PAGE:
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The debacle of the 2000 presidential election made it all too apparent to most Americans that our electoral system is broken. And private-sector entrepreneurs were quick to offer a fix: Touch-screen voting machines, promised the industry and its lobbyists, would make voting as easy and reliable as withdrawing cash from an ATM. Congress, always ready with funds for needy industries, swiftly authorized $3.9 billion to upgrade the nation's election systems - with much of the money devoted to installing electronic voting machines in each of America's 180,000 precincts.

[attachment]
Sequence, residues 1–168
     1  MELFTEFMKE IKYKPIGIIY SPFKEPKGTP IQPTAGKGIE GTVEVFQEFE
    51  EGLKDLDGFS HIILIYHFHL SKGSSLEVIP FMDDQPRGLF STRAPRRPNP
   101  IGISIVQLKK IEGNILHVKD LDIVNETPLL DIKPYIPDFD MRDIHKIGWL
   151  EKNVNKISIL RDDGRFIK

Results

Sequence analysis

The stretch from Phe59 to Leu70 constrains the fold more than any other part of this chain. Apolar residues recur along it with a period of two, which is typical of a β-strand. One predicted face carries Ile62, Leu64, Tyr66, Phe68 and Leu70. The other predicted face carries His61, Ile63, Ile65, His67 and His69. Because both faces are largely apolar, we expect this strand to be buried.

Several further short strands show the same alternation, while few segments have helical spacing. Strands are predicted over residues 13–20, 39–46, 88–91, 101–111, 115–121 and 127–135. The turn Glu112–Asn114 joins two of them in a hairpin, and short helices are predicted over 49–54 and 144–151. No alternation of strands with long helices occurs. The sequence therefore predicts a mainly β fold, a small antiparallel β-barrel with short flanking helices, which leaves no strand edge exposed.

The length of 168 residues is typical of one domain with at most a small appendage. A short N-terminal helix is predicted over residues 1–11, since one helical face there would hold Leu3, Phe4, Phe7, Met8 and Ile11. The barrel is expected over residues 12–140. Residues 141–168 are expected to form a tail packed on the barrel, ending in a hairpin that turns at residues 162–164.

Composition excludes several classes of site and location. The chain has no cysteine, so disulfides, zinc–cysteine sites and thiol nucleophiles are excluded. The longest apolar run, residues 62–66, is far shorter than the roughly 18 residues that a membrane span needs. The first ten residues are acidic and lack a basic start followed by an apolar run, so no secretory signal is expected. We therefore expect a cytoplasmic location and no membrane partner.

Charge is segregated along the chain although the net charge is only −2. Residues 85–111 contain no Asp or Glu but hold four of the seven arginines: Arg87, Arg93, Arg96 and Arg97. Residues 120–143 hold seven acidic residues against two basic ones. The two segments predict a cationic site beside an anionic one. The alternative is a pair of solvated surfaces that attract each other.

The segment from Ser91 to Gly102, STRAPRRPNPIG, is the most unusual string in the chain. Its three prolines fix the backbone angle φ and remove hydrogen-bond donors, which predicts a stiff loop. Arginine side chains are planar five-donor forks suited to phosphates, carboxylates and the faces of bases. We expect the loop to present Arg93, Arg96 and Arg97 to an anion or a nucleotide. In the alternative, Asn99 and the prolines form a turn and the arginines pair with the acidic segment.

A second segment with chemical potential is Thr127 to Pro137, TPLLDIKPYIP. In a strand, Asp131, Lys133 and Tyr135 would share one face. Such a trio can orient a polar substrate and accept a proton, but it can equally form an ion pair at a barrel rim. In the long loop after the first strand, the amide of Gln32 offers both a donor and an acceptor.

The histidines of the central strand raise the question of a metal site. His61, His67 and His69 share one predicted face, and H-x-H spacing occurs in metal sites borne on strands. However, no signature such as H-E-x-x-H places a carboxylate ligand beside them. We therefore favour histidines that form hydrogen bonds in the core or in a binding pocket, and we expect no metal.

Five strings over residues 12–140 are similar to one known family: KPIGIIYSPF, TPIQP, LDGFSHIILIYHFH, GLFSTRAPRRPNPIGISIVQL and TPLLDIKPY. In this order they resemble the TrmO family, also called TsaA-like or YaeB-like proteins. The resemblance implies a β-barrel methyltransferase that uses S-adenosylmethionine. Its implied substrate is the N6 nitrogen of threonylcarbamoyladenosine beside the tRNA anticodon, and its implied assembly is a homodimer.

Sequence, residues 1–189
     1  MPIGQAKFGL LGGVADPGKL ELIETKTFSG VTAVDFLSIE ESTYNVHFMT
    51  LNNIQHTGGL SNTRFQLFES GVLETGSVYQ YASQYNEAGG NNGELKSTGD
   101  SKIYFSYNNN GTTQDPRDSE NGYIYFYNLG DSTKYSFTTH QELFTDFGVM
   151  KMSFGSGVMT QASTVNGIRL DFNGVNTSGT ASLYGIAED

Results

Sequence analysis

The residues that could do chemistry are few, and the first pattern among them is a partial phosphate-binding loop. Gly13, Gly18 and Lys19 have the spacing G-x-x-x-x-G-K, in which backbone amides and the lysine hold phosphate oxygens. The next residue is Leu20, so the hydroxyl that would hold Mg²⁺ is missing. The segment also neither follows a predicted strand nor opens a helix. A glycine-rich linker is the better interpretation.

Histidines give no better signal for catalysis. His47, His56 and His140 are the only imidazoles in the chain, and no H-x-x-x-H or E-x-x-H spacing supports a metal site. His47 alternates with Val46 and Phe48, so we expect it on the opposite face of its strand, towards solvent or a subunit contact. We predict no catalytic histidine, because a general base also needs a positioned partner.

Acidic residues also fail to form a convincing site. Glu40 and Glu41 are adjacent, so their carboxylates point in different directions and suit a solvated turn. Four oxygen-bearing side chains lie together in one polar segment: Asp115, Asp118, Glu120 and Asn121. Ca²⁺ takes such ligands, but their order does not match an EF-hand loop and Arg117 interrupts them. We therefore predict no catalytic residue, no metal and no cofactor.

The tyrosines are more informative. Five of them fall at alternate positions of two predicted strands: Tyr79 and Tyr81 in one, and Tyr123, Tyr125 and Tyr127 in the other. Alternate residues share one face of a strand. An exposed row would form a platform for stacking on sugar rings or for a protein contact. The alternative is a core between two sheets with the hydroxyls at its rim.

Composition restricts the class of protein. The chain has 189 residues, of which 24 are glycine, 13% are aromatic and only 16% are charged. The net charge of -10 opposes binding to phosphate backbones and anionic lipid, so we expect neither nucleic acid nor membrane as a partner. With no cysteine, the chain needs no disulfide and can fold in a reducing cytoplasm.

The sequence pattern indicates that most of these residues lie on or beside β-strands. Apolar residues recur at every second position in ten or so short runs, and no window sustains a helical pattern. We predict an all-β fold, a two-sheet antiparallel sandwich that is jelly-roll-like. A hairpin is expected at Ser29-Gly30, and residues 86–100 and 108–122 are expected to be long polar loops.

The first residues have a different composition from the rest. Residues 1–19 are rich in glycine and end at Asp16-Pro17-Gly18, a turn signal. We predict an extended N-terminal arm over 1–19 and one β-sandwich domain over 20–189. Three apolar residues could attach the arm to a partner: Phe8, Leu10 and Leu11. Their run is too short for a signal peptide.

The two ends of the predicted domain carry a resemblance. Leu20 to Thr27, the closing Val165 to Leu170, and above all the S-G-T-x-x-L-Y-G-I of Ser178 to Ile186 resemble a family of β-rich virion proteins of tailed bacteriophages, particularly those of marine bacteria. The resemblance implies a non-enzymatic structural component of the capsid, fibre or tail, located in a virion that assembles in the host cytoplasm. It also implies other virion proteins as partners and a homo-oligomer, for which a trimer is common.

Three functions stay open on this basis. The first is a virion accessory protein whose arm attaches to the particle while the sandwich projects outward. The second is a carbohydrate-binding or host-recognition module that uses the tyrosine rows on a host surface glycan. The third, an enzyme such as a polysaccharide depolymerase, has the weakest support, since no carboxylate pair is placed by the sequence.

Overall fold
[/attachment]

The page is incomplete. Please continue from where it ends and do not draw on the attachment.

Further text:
But as midterm elections approach this November, electronic voting machines are making things worse instead of better. Studies have demonstrated that hackers can easily rig the technology to fix an election - and across the country this year, faulty equipment and lax security have repeatedly undermined election primaries.